Calling feels like a rumble. It moves inside you and rustles around until you pay attention to it.
In 2013, I was feeling the rumble. I knew something was on the horizon, but I had no idea what it was.
I felt like God gave me a picture of a Tennessee river. I was standing on the edge of the river with my feet in its cold water, longing to jump right into the current. I spent a year praying on the edge of the proverbial river, a rumbling in my belly.
Toward the end of that year, my husband Daniel and I met our pastor, Aaron McCarter, for tacos. We were in the process of discerning a move to New York City to go on staff with Young Life, so we were looking for counsel.
At some point the conversation turned to ideas our church leaders were bouncing around to solve our busting-out-of-the-seams building problem. The church had been growing rapidly. One of the front-running ideas was to send out a multisite. Aaron shared ideas about how other Vineyard churches were creating thriving neighborhood congregations.
I still laugh at what I told him. I said, “I think that is the worst idea I’ve ever heard. It will never work. But if you do it, you should try it in our neighborhood.”
A few weeks later, the McCarters invited us over to their house to talk. On the way there, Daniel and I tried to guess the topic. We never imagined they would ask us and to pray about me becoming the pastor of our church’s first multisite location. I wish I could tell you I responded in a holy, leader-like way. The truth is, I spit out my drink, choked on it, and said a word that would make my momma blush.
We left the McCarter’s house promising to pray, but got in our car assuring each other that we only said it because they were our friends, not because we would ever actually do it.
I was not a pastor! I’d just said a bad word in front of my pastor. My only real church leadership experience was keeping children alive in the nursery, leading a few exhausting small groups, and inviting people to church. I didn’t go to seminary. I’d only preached once, and I had to do breathing exercises in the bathroom just to walk on stage. On top of it all, we live in the South and I am a woman! I did not feel like a pastor.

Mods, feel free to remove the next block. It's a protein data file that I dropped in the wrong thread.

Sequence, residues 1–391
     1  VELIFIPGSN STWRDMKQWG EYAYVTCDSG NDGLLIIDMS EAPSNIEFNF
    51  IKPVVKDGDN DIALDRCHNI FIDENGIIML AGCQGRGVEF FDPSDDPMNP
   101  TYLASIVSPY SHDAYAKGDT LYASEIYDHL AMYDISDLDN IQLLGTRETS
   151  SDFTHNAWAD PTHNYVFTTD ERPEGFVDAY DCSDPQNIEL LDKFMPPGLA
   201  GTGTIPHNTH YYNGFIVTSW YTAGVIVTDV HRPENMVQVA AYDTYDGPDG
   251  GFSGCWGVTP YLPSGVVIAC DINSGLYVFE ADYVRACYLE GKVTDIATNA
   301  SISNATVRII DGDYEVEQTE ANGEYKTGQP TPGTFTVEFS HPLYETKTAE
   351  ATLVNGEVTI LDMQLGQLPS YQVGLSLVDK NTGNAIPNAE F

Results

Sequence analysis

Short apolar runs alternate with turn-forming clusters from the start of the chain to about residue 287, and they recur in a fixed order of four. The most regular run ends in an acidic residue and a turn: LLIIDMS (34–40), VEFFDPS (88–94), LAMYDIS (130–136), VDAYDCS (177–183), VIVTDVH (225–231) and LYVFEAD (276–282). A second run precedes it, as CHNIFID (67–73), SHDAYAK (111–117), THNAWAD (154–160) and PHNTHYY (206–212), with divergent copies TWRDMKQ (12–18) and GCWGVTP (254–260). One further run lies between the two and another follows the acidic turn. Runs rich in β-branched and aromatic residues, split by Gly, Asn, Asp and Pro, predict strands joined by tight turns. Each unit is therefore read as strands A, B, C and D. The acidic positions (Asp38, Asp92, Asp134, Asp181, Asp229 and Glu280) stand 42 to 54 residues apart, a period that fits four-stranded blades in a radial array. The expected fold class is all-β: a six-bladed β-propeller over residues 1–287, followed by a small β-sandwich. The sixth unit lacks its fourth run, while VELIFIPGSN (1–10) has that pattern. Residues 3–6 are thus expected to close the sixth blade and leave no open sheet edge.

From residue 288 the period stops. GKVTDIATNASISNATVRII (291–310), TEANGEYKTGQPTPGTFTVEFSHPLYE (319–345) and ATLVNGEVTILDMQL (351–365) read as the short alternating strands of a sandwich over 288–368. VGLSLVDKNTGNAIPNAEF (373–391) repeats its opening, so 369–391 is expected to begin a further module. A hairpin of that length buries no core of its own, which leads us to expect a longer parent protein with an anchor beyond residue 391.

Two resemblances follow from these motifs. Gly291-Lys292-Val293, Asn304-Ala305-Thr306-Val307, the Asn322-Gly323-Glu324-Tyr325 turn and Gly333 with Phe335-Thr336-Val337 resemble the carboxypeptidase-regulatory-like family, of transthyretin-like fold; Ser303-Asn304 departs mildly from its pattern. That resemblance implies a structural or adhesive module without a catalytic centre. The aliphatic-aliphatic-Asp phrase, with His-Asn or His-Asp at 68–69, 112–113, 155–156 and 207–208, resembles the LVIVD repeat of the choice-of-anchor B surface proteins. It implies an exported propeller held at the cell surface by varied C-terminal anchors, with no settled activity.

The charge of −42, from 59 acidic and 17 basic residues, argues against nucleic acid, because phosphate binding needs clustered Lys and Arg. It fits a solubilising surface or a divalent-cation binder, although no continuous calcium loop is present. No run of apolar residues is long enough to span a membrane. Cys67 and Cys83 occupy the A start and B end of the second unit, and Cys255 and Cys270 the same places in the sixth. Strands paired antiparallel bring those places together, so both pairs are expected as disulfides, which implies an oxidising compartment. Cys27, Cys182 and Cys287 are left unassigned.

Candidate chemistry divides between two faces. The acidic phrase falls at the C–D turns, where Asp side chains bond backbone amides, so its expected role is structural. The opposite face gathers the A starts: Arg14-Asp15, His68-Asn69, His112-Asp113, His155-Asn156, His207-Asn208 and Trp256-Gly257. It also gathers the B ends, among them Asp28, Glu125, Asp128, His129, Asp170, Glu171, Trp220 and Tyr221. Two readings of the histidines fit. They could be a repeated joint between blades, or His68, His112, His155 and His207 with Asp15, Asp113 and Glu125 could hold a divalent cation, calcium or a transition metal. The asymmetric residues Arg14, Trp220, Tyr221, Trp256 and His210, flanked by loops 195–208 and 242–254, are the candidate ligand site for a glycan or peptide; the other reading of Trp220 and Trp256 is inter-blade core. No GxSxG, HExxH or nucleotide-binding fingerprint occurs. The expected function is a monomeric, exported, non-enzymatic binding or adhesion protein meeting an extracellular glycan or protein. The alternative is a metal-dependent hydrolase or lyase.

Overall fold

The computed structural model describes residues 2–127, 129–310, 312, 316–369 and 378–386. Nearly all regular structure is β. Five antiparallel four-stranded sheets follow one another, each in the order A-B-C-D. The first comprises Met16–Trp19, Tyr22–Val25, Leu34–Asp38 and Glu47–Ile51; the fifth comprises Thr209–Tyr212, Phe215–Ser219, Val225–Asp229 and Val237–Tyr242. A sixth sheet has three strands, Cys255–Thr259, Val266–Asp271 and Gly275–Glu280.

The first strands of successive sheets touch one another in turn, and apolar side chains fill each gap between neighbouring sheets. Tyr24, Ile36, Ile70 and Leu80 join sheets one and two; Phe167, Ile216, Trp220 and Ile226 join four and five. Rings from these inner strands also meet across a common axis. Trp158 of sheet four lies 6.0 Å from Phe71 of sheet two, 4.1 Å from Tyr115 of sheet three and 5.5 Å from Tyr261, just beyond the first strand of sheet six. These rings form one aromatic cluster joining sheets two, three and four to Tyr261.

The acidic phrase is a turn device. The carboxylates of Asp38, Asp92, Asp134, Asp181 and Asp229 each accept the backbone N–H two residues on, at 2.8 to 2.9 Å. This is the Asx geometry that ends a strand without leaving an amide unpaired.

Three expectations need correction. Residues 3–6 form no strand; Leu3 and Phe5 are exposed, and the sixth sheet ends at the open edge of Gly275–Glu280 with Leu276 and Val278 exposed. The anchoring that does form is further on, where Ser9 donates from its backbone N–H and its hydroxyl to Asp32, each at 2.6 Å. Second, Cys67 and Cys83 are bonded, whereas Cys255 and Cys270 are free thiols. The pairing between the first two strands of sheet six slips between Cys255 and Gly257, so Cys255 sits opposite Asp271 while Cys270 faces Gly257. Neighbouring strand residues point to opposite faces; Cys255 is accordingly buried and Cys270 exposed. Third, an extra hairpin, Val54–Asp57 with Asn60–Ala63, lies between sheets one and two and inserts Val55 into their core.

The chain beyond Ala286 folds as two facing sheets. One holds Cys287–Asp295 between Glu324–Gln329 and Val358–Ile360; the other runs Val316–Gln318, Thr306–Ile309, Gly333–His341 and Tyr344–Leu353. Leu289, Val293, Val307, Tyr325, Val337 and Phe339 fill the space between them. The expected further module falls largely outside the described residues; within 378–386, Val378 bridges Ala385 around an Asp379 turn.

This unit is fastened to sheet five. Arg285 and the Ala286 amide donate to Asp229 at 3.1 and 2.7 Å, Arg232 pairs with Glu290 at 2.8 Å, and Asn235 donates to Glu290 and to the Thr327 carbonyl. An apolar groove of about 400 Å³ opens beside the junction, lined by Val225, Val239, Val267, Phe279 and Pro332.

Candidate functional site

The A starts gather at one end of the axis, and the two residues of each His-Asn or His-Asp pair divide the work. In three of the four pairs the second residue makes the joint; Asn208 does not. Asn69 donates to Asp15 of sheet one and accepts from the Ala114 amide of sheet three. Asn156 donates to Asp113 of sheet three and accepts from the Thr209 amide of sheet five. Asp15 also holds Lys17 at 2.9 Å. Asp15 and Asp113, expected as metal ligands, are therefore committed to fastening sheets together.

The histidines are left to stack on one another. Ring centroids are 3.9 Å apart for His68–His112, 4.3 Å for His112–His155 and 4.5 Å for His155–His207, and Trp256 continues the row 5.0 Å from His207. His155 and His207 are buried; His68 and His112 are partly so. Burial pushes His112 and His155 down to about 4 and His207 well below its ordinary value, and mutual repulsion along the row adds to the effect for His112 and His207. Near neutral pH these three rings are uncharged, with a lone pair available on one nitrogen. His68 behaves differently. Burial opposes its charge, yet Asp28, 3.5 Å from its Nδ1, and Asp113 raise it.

I’ve learned that what God is up to has very little to do with how equipped we feel. For the next couple of weeks the Holy Spirit disrupted my life in the most unexpected ways. As we bounced the idea of pastoring off of our friends and family, no one thought it was crazy; they were incredibly supportive and even excited. They spoke so much encouragement over me about the gifts they had been watching God draw out of me. It wasn’t just the people I knew. We had a guest preacher come and give me a really clear prophetic word.
In my own time with the Lord, the current of that river I’d been praying into for so long started to take a very clear shape. I began to understand the calling that God had been drawing out of me for decades. I started to believe what I’d heard all of my life; God doesn’t just call the equipped, but he will equip the called.
I jumped in. Four years ago, I led the team that planted our first multisite called Vineyard Springbrook in my neighborhood.
I did what so many church planters do; I learned on the job. I worked closely with my sending pastors and I met with Aaron weekly to learn how to preach. I leaned heavily on the resources available from Multiply Vineyard. I talked with gracious Vineyard pastors who told me their stories and pointed me to their favorite resources.
I still feel like the least-likely pastor. The job is hard, but I feel alive. Our church is growing and thriving, and so am I, swimming deeply in the unexpected current.
Lindsay Mizell is the pastor at Vineyard Springbrook in Alcoa, TN. She spent her summers running around Young Life camps and believing she could change the world. She is married to the bravest man she knows. She and her husband have 3 sons who are reminders that God is deeply and intentionally involved in their world.